Functional Relevance of Dopamine Receptors in Healthy Controls and Patients With Schizophrenia: Characterization Through [11C]NNC-112 and [18F]Fallypride Positron Emission Tomography
- Some illnesses, such as schizophrenia, have effects on brain cells called dopamine receptors, which are required for normal brain function. People with schizophrenia have difficulty thinking and experience hallucinations and delusions. Medications that change brain dopamine receptors can decrease these hallucinations and delusions.
- The cause of schizophrenia and its association with brain dopamine receptors is not known but may be clarified by studying dopamine receptors in people who have dopamine disorders (such as schizophrenia) and those who do not. Researchers are interested in studying the dopamine system to gain a better idea of how dopamine disorders develop, which may lead to better medical care for people with schizophrenia.
- To study the amount and distribution of two types of dopamine receptors.
- Individuals between the ages of 18 and 55 who have schizophrenia.
- Healthy volunteers between the ages of 18 and 90.
- Participants will undergo a full screening, with physical and psychological history, a neurological examination, and blood and urine samples.
- Participants will have a blood flow map of the brain recorded with a positron emission tomography (PET) brain scan. A magnetic resonance imaging (MRI) scan will also be performed to determine brain anatomy.
- To study the amount and distribution of dopamine receptors in the brain, participants will receive a small amount of a radioactive chemical in the vein, followed by a PET scan.
- The procedure will be performed twice in two separate sessions, once for [18F]fallypride and once for [11C]NNC-112.
|Official Title:||Functional Relevance of Dopamine Receptors in Healthy Controls and Patients With Schizophrenia: Characterization Through [11C]NNC-112 and [18F]Fallypride Positron Emission Tomography|
- Regional binding potentials of [11C]NNC-112 and [18F]Fallypride
|Study Start Date:||July 2009|
Dopaminergic (DA) modulation of brain function is disturbed in several disabling psychiatric disorders and represents the target of key psychopharmacologic agents, such as neuroleptics. Schizophrenia has been considered a prototype of dysregulated DA signaling, with associated prefrontal cortex (PFC) dysfunction. Prevailing views attribute key symptoms of schizophrenia to deficient DA signaling within mesocortical DA tracts. Little is known, however, about the pre-, intra-, and post-synaptic processes that contribute to dopaminergic dysregulation. Regional cortical DA activity, critical to these processes, has been difficult to measure in patients with the available imaging techniques. The current clinical study aims to address this open issue by taking advantage of two recently developed positron emission tomography (PET) radioligands, [(11)C]NNC-112 and [(18)F]Fallypride, that bind differentially and with a higher binding potential (BP) than previous compounds to the D(1) (NNC-112) or D(2/3) (fallypride) receptors. By measuring the regional BP of these two compounds, cortical and subcortical DA receptor anomalies will be characterized in schizophrenia. Within the Clinical Brain Disorders Branch (CBDB), this PET protocol is expected to add crucial information about DA receptor status to ongoing regional cerebral blood flow (rCBF), magnetic resonance imaging (MRI), magneto-encephalography (MEG) and genetic studies. It will lead to an improved understanding of the modulatory influence of DA on frontal lobe functioning and facilitate the study of how genetic polymorphisms interact with regional changes in D(1) and D(2/3) receptors to increase the risk for schizophrenia.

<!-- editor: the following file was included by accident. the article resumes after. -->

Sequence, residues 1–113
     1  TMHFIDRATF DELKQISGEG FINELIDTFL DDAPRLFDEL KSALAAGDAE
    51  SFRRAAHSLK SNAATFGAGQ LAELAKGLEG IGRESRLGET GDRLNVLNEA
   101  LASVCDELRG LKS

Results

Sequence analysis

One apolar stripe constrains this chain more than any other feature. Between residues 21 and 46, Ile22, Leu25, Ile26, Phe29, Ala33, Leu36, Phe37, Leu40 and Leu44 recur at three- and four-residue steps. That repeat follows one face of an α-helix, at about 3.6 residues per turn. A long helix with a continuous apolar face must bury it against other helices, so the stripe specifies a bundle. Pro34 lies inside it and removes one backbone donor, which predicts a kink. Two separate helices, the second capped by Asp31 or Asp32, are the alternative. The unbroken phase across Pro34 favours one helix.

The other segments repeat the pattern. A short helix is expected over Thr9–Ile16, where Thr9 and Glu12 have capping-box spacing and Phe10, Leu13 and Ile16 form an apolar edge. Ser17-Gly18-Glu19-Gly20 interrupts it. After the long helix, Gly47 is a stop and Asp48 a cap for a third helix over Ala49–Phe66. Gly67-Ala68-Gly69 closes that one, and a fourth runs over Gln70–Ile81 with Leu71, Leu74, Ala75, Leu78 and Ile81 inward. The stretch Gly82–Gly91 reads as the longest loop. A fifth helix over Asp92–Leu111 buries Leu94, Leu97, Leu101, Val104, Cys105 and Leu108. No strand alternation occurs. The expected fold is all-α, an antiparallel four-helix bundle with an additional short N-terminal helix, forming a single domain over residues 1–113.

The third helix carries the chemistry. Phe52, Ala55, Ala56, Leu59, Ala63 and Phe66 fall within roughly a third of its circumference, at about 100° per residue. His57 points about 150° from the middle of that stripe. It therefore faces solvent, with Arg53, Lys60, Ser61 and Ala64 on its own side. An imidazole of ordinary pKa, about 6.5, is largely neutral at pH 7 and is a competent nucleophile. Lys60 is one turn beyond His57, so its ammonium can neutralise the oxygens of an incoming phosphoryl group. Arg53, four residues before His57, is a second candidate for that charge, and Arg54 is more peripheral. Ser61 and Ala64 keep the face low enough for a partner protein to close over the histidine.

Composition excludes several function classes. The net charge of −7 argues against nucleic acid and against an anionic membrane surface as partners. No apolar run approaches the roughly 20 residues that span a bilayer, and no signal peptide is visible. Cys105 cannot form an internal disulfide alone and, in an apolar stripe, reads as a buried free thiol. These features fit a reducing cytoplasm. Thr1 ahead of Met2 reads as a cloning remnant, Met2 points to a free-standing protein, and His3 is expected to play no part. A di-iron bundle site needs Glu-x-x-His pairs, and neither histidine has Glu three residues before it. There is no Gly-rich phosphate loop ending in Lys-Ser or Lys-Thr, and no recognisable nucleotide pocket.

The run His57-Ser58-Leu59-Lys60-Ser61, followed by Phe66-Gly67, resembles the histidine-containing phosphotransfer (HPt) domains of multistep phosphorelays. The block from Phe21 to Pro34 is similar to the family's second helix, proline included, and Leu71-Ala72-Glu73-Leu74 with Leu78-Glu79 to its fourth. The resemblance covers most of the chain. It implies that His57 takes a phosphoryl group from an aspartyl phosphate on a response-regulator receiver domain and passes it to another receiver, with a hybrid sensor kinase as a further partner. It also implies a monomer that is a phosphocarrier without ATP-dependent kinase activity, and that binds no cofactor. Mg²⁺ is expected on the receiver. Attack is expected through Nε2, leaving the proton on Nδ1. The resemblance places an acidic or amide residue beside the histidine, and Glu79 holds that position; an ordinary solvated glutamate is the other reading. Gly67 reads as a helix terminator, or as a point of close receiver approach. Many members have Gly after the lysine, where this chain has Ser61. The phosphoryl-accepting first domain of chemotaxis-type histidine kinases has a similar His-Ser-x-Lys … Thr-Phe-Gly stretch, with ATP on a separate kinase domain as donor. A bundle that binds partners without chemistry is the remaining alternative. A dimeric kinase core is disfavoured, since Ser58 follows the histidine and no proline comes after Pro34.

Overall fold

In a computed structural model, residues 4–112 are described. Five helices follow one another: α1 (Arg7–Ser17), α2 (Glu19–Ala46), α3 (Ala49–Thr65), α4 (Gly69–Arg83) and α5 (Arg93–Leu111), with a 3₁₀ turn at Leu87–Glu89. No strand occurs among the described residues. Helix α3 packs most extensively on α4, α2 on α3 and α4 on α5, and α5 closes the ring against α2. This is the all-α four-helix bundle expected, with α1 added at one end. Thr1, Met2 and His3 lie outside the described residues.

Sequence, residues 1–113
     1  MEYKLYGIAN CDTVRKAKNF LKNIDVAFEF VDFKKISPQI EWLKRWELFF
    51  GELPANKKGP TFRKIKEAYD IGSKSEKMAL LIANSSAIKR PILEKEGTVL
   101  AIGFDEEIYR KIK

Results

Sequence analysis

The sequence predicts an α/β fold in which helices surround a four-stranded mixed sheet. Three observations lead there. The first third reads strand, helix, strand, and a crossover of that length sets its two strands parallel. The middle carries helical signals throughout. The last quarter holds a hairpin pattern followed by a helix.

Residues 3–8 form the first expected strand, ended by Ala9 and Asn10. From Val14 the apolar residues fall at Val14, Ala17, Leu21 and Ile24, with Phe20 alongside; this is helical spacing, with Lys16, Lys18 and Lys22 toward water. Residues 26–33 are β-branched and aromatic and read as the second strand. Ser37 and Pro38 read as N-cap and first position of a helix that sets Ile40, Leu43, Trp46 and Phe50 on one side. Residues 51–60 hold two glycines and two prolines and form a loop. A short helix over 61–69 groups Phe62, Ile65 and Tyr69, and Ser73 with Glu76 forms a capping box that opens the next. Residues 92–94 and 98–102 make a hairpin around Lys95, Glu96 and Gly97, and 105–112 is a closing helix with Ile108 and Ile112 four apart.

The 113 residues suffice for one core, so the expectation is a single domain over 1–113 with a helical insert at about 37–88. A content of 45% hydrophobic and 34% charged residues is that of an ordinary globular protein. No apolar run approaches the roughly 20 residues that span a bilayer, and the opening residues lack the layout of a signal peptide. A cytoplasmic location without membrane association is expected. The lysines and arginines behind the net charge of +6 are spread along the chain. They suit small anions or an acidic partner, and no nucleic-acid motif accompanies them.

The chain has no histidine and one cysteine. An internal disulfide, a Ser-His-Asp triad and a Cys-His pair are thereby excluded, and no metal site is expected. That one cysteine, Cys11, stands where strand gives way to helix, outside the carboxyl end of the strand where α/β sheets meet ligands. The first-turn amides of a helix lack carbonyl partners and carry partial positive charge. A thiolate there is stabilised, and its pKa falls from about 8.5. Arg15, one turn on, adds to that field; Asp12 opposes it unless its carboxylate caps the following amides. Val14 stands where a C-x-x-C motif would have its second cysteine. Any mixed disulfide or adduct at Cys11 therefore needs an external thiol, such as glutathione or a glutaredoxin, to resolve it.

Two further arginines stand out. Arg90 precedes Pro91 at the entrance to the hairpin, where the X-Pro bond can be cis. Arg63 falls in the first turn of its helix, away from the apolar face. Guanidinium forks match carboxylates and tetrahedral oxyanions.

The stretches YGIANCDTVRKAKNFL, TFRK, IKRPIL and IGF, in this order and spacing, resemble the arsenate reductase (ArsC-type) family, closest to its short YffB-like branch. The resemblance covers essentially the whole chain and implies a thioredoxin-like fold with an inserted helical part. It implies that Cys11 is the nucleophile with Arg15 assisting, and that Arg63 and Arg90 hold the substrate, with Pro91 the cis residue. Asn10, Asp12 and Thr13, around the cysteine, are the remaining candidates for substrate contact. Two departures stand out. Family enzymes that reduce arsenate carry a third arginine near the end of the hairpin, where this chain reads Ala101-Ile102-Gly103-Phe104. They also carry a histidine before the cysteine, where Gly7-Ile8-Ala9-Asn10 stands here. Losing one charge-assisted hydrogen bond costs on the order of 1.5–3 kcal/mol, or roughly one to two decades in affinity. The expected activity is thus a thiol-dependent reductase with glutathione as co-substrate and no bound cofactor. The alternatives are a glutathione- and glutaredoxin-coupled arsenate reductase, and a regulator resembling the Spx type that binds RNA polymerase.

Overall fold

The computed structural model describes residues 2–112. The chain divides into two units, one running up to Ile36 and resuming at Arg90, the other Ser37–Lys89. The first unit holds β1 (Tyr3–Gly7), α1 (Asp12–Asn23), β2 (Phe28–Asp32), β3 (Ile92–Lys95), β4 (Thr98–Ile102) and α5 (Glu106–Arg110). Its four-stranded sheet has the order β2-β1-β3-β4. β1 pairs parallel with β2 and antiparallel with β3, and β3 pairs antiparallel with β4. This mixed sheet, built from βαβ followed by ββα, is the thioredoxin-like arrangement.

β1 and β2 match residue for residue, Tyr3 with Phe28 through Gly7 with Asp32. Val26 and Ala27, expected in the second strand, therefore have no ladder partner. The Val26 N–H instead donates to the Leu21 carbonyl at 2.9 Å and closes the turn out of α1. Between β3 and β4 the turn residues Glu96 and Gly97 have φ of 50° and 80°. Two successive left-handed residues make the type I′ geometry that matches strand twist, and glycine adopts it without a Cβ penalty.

Some specific hypotheses to be tested are as follows:
D1 BP in frontal cortex will be affected by age, elevated in schizophrenia and inversely correlated with cognitive performance in patients and healthy controls.
Cortical D2/3 receptor BP will be affected by age and inversely correlated with performance on tests of frontal lobe function in patients and healthy controls.
Striatal D2/3 receptor BP will be altered in patients.
Polymorphisms in the catechol-O-methyl transferase (COMT), D1 and D2 genes as well as other schizophrenia risk genes will affect DA receptor BP in frontal cortex.
The ratio of cortical D1 and D2/3 receptor BPs will be affected by age and related to risk for schizophrenia, cognitive performance and polymorphisms in the COMT gene and other schizophrenia risk genes
It will include 50 patients with schizophrenia, schizoaffective disorder or other psychotic disorders aged 18-55, and 150 healthy controls, aged 18-90. Fifty of the controls will be matched to the patients by age and sex.
Dopamine D(1) and D(2/3) receptor regional binding potentials (BP) will be quantified by PET in medication-free patients and controls. High resolution T1-weighted magnetic resonance imaging (MRI) scans will be obtained for co-registration purposes. Additionally, through enrollment in other ongoing protocols (00-M-0085, 90-M-0014, 01-M-0232, 95-M-0150, 89-M-0160), rCBF, functional MRI, cognitive and genetic data will be obtained and compared with D(1) and D(2/3) receptor BP data obtained from this protocol.
Brain dopamine D(1) and D(2/3) receptor regional binding potentials measured by [[(11)C]NNC-112 and [(18)F]Fallypride PET.
|Contact: Jasmin Czarapata, Ph.D.||(301) firstname.lastname@example.org|
|Contact: Karen F Berman, M.D.||(301) email@example.com|
|United States, Maryland|
|National Institutes of Health Clinical Center, 9000 Rockville Pike||Recruiting|
|Bethesda, Maryland, United States, 20892|
|Contact: For more information at the NIH Clinical Center contact Patient Recruitment and Public Liaison Office (PRPL) 800-411-1222 ext TTY8664111010 firstname.lastname@example.org|
|Principal Investigator:||Karen F Berman, M.D.||National Institute of Mental Health (NIMH)|